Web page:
The Spider RX device had the highest porosity (50.4%) and is also the only device porous throughout the entire surface of the basket (Table 5). The Emboshield had the lowest porosity (2.2%) and pore density (1.4 pores/mm2). The FilterWire EZ had the highest pore density (13.6 pores/mm2). The Spider RX and Emboshield had the deepest baskets (17.3 mm and 17.2 mm, respectively).
Three sets of statistical tests were conducted to (i) compare each device pairwise for the percentage of particles missed after injection for 5-mg and 10-mg experiments, (ii) compare each device for the percentage of particles lost during retrieval for 5-mg and 10-mg experiments, and (iii) compare each percentage for a single device across masses (Tables 6,,77,,8).8). The Spider RX device, which missed the lowest percentage of particles after injection, had a significantly different performance from all the other devices tested for both masses (P < .05) (Table 5). The Emboshield device, which captured the fewest particles after injection, was also significantly different from all other devices tested for both masses (P < .05). The FilterWire EZ and RX Accunet performed equally well after particle injection and were not significantly different from each other for the 5-mg experiments only (P > .05). The RX Accunet and Emboshield captured significantly fewer particles after injection of the two different masses. The FilterWire EZ did not miss a significantly different percentage of particles after injection.
Because there are more than two samples available for analysis within each group, a one-way analysis of variance was conducted for percentage of particles missed after injection and lost during device retrieval. An analysis of variance was conducted for all devices injected with the same mass of plaque emboli for the percentage of particles missed after injection and lost during retrieval. The percentages of particles missed after injection was statistically different between the two masses injected for each device (Table 7). These results agree with the results of the t test conducted except in the case of the FilterWire EZ (Table 6). The percentage of particles lost during retrieval was statistically different for the RX Accunet and Emboshield devices (P < .05), but not the Spider RX and FilterWire EZ (P > .05). These results also agree with the results of the t test except for the FilterWire EZ. For the devices that yielded significant results, it is likely that the two groups are from different populations.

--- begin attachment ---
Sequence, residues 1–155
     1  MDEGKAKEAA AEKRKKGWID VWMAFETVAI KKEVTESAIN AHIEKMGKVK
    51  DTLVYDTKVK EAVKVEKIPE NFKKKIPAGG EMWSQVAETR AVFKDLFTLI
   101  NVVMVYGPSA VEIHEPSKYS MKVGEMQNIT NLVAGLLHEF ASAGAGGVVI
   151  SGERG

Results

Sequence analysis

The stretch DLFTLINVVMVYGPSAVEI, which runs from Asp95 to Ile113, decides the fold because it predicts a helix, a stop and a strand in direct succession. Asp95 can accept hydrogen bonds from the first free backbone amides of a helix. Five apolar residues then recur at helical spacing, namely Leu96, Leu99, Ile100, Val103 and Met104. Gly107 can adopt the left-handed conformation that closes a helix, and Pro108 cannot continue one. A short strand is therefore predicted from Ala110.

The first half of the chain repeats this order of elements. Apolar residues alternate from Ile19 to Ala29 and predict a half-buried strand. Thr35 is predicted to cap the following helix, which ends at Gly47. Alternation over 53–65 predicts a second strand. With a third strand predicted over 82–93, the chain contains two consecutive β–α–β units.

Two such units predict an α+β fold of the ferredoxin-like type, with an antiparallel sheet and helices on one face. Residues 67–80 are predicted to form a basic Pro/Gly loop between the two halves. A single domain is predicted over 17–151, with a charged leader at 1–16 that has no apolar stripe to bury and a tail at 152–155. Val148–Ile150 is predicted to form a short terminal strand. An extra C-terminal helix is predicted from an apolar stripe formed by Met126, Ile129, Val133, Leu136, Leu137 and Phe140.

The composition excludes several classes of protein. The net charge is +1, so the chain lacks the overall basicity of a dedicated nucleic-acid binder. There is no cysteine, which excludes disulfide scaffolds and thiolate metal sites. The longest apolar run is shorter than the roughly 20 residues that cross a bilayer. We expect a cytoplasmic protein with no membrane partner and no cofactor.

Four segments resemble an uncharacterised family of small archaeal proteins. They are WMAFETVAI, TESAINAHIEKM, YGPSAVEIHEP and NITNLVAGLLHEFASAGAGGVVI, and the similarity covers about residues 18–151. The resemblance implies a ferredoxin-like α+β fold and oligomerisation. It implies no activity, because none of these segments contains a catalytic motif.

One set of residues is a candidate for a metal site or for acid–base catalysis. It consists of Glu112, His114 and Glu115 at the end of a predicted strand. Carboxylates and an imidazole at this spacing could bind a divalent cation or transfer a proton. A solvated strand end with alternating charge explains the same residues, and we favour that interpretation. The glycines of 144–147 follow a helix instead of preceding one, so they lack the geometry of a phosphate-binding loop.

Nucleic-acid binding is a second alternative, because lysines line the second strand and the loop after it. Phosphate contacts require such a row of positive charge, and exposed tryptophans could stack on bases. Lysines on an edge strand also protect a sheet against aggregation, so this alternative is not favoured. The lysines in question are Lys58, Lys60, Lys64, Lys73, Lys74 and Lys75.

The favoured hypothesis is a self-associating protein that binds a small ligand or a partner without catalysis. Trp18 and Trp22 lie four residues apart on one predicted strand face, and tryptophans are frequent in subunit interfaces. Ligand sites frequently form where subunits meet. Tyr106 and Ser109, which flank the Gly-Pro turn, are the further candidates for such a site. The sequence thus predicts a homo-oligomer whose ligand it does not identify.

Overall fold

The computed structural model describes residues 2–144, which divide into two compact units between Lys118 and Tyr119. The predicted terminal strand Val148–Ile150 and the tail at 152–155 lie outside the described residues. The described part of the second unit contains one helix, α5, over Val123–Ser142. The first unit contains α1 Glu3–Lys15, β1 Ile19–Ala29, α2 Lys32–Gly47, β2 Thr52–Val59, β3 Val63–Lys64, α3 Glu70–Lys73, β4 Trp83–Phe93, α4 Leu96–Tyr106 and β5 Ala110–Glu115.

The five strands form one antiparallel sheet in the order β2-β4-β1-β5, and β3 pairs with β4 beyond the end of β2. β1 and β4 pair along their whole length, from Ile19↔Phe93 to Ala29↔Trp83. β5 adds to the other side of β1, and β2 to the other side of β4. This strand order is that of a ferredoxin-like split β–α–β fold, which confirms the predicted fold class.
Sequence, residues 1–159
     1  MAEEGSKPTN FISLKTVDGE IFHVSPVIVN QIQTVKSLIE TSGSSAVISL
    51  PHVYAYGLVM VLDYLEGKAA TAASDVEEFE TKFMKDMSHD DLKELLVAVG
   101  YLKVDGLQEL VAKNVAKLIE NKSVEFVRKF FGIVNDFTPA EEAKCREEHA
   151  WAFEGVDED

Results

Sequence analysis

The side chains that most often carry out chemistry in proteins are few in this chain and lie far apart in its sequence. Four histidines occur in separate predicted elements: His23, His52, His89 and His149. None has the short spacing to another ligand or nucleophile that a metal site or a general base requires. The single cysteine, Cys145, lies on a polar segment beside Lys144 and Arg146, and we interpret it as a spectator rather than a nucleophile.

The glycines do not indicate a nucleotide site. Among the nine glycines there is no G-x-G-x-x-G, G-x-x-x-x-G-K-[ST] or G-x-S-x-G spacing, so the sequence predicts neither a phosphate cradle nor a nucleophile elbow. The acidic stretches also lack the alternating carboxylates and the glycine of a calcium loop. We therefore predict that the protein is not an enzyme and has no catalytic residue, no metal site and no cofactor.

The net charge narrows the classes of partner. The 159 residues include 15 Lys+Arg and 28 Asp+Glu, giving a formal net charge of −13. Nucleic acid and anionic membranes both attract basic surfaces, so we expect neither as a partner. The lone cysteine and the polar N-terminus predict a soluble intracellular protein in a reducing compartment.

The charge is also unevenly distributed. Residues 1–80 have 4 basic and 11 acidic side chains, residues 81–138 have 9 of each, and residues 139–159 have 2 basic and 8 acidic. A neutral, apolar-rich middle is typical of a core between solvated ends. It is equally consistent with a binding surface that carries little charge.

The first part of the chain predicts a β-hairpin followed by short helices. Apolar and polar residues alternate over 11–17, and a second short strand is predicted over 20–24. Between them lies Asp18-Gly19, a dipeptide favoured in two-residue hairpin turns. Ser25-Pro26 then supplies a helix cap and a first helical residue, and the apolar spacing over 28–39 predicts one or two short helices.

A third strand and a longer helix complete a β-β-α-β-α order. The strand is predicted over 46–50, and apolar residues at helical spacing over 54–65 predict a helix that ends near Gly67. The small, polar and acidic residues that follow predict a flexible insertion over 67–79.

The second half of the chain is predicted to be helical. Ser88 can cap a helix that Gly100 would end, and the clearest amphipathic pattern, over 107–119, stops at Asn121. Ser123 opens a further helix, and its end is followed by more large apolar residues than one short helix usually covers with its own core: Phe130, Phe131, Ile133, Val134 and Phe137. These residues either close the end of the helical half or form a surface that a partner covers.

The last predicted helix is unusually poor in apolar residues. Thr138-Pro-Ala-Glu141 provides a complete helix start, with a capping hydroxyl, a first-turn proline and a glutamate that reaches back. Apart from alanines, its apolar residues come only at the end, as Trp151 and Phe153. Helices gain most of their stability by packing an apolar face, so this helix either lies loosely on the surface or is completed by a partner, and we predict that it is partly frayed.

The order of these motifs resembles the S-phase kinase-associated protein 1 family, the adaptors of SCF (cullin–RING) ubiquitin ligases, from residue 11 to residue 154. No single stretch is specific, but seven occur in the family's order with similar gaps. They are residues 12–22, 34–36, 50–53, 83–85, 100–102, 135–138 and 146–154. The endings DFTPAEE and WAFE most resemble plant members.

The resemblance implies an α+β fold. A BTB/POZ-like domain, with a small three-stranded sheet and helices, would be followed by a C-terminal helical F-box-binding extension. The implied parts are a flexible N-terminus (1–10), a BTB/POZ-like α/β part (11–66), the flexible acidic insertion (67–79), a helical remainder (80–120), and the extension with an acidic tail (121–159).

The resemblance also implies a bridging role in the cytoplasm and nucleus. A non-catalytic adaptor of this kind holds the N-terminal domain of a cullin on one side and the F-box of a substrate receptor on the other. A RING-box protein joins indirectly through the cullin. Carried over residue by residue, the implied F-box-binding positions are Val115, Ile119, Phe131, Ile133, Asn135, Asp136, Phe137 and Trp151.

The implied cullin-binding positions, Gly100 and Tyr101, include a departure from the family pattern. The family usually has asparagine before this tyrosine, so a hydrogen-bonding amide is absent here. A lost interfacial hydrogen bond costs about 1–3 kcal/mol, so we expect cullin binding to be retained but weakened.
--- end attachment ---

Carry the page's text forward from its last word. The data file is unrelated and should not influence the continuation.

Various in vitro and ex vivo studies have been conducted by previous investigators (10–13) to evaluate the capture efficiency, pressure gradient, flow rate, and vascular resistance of cerebral protection devices. Müller-Hülsbeck and associates (10–12) investigated in vitro the capture efficiency of two previous-generation versions of the EPFs evaluated in the present work (Neuroshield [first-generation Emboshield; Abbott Vascular] and FilterWire EX [predecessor to FilterWire EZ; Boston Scientific]). They found that the Neuroshield missed the lowest percentage of synthetic and human plaque particles (3.5% and 0.8%, respectively) (10,11), whereas we have found that this device missed the most particles (28.3% for 5 mg, 48.4% for 10 mg). Ohki and associates (13) found in an ex vivo study that the Neuroshield missed 12% of plaque particles. Order and colleagues (12) found that the FilterWire EX missed the lowest percentage of small, medium, and large particles (5.81%, 2.99%, and 1.20%, respectively) in a severely tortuous idealized ICA in vitro. To our knowledge, the capture efficiency of the RX Accunet and Spider RX devices has been reported only by our laboratory (8,14–16). The present investigation correlates well with our previous in vitro work with vessels with constant cross-sections. The RX Accunet had the smallest percentage of particles missed in vessels sized 5.0 mm, 5.5 mm, and 6.0 mm in diameter (0.42%, 0.16%, and 2.13%, respectively) (14,15). The FilterWire EZ also performed equally well for the 5.0-mm and 5.5-mm vessels (1.07% and 1.01%, respectively).